John participates in a work/study program at his high school. This program was implemented to assist in the process of helping John become independent and to develop skills that would allow him to maintain his life once he becomes an adult. He goes to McDonald’s to work twice out of the school week. The on-the-job training allows John the opportunity to work and interact with his peers.  This is a goal that is on his IEP and on his Person Center Plan necessary for him to have control over his behavior and paranoia episodes to take his own care. Micro practice skills mainly include teaching basic communication skills like reflecting feelings, summarizing, asking open and closed questions with information along with body language which can help in demonstrating facial expressions and listening (Lombard & Viviers, 2020). In response to this, the staff can help John in enhancing his communication skills as this would be highly helpful for him at his job. It is important to make John deal with anger, being assertive, taking care of basic needs like hygiene, grooming and bathing. John participates in group therapy. The topic that we are focusing on during group therapy is proper hygiene. During, the group therapy the clients watch videos of implementing and maintaining hygiene which can be highly helpful for them. These skills would allow the client to improve his skills while serving the customers at his workplace. Also, it would boost his confidence to become sociable with his peers.  John working at McDonalds would require higher concentration towards maintaining hygiene and self-care. Being assertive will help John to express himself which can reduce conflicts and his aggressiveness.
In addition to this, mezzo social practice skills are all about development and implementation of social service initiatives at community levels. The mezzo social work practitioners would help John to deal with people directly and socialize with them. Most importantly these skills would allow the clients to focus on community development and interpersonal relations (Matz et al., 2020). Although John loves his job at McDonalds, he only goes to work on Tuesdays and Thursdays for only two hours, this would help him to maintain consistency. In response to the case of the client, it can be mentioned that conducting discussion sessions with John would help him to open with others which can help him enhance his socializing skills as well. This type of coordination is effective for helping to assess mental as well as physical problems of the client.
We incorporate mezzo social work practice skills by working with the Department of Health and Human Services. This department comes every 6 months to audit the group home to make certain that we are following the guidelines and procedures mandated. They check the client’s books to make certain that he is going to his medical appt, they ensure that they are having family and child team meetings once a month. Department of Social Services representative conducts the meeting, Guardian at litem, Qualified Professional. The client must be reauthorized monthly to continue to stay in the group home. The Qualified Professional has the task of submitting a reauthorization for the client to remain in the group home every 20 days. He must be evaluated every month by a psychiatrist, the client’s Person-Centered Plan must be uploaded, crisis prevention sheet that provides information about, what triggers him, what makes him happy and his medication log.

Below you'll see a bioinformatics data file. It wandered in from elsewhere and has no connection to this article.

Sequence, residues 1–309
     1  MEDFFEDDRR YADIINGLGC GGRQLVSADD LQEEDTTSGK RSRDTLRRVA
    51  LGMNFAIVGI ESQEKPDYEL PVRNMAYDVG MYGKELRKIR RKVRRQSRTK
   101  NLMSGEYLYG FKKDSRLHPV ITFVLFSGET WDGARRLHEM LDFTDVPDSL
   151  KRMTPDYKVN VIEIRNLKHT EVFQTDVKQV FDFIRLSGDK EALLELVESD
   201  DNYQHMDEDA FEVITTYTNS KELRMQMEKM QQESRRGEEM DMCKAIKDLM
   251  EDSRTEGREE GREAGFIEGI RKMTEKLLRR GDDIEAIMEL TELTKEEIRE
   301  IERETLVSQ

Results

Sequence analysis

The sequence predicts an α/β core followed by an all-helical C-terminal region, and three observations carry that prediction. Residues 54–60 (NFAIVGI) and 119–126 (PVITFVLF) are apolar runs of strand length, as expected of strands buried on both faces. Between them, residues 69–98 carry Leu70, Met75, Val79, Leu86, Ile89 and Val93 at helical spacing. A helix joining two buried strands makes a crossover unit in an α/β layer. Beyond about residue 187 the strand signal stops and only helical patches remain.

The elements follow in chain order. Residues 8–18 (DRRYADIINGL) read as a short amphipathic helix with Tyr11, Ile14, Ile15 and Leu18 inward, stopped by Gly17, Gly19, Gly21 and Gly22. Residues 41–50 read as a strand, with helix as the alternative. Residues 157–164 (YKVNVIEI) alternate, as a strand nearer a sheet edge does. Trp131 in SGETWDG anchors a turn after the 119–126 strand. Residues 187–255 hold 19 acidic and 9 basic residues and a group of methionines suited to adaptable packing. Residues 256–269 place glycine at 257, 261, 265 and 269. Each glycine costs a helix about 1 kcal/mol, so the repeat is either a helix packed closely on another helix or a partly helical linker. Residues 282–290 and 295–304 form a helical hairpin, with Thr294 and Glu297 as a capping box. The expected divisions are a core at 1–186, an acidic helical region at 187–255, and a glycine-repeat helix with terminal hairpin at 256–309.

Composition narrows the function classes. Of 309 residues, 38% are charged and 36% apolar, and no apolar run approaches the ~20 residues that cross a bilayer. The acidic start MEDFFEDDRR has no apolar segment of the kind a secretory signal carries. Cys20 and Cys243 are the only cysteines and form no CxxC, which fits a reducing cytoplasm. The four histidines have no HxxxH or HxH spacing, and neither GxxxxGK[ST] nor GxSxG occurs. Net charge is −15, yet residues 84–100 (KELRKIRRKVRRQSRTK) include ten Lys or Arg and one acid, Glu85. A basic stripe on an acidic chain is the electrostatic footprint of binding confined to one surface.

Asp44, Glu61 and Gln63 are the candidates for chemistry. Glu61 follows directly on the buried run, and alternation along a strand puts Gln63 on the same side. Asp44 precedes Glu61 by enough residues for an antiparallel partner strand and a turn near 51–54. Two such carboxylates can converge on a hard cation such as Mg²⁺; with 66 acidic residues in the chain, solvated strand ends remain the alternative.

Pawar and Nixon (2020), mentions that macro practice skills are referred to speaking, listening, reading, and writing mainly in English Language, this is also linked with enhancing the communication skills of the concerned client. The social work practitioners are active in organizing the activist group or advocating social policy change. At the macro-level social work, the focus is on the community at a large scale undertaking different systems-level functions. The social workers are responsible for supporting John at a large scale of communities, cities, and people (Applewhite et al., 2018). Collectively, this would help John to improve his active listening which is very important for his job. John must be supported to understand the activities which are linked with his comfort within social and environmental levels. Altogether, the mezzo, macro and micro practice skills can be implemented in the context of John Coffee as this is beneficial for supporting the client on an overall basis including his basic development which can help him manage the social and other challenges outside the center.
Problems and Issues faced by the Client or Client System
Referring to the case scenario, it has been observed that the client John Coffee often suffers from certain triggers which result in behavioral disruptions resulting in the requirement of constant supervision.  John was on probation when he was admitted into the center because he would get angry and vandalize property. His parents were not knowledgeable enough to provide him with the coping skills that he needs to implement into his life.  Hence, through local services he was referred to Sunlight Behavior Center. His parents expressed their concerns about his welfare, as well as their welfare. They were scared that he would possibly harm them and his siblings. We had to ensure that the client met his requirements while on probation. We met with juvenile court counselor and provided the client with consequences.  The main goal that Sunlight Behavior Center wanted to implement was assisting John in learning coping skills when he becomes triggered. We wanted to him to implement breathing techniques, thinking and/or doing an activity that calms him. We have designated cool off area for John when he becomes triggered. He is encouraged to go to the cool off area opposed to vandalizing the property at the center. John is aware that if he vandalizes any property at the center law enforcement will be called. John has a clear understanding that there are consequences for making bad decisions.  We provide praise and reward when goals are accomplished.